WMUL keeps spinning the tunes through the summer
HUNTINGTON -- Marshall University's radio station WMUL is remaining busy throughout the summer thanks to a combination of students and volunteers.
While the station is sticking to music programming for the summer, the studio is already planning for the return of news programs like "In the Know" and sports programs like "Basketball Friday Night."
"Our automation system helps a lot and it can help us play music in the wee hours of the morning when there's no one here," said Braxton Crisp, online director of WMUL. "Having volunteer D.J.s really helps keep our station relevant to the community listener."
"We do a lot of advanced work for the fall, especially considering the sports programming. If we want to add something new to a broadcast we can kind of experiment with our equipment a bit," added Nick McKendree, production director. "We also do a lot of maintenance because there's a lot less use being put on the equipment.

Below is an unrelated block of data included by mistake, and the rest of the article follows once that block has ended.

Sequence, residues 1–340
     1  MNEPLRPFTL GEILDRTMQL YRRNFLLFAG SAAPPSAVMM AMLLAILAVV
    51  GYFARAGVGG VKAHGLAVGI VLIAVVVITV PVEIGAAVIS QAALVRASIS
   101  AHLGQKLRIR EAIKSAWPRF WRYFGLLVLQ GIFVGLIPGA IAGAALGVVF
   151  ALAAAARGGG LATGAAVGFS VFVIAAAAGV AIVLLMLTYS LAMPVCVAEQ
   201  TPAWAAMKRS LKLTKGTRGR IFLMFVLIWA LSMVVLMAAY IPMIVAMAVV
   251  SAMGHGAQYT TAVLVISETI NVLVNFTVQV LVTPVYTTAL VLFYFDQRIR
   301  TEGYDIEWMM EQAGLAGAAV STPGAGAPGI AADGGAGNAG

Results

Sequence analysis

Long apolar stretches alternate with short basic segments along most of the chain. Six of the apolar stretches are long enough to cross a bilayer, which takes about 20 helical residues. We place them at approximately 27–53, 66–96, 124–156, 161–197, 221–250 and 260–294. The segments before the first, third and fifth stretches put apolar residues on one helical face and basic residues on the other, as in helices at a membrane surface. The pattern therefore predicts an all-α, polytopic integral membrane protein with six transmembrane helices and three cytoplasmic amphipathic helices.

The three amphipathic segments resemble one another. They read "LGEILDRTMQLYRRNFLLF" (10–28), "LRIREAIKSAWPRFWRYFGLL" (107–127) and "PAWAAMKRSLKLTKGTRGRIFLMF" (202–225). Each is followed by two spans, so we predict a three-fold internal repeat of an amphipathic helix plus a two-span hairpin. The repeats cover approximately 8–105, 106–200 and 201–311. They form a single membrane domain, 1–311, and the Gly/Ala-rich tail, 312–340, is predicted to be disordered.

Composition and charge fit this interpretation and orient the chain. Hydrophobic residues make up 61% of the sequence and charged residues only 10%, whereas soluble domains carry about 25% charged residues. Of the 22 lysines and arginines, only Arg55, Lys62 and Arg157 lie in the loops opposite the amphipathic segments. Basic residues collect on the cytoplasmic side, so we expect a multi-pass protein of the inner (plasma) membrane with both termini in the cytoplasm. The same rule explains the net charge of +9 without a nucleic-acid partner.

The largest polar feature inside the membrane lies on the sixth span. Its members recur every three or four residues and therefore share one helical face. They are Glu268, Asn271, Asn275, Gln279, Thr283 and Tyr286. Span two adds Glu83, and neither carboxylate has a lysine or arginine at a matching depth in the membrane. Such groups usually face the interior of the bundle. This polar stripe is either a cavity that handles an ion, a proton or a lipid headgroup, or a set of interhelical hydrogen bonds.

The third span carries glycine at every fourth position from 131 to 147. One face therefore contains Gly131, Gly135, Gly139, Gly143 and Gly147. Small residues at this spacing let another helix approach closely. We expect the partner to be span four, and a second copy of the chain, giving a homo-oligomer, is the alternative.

There are things we can do here that we can't do during the class sessions because the studio isn't in as much use." Some students are also using the summer months to work on future projects.
"I'm working on a project for Black History Month about a man named Sampson Sanders who was a tobacco plantation owner and one of the prime slave holders in the area," said Adam Rogers, a training coordinator for the station. "He was in the top 2.7% of slave holders in the area. In 1849 on his death bed he arranged for his slaves to be freed. They were given money and property to start a new life in Cass County, Michigan. We had an opportunity to talk to Maurice Sanders, one of the descendents of the Sampson's Sanders slaves. He did a lot of genealogy work which really helped us."
WMUL is also doing a special on the Greenbrier Classic Golf Tournament at 6 p.m. July 2. WMUL closed out the 2013/2014 with a total of 104 awards including "Outsdanding News Operation in The Virginias" (non-metro stations) in the Associated Press Broadcasters Association Awards.
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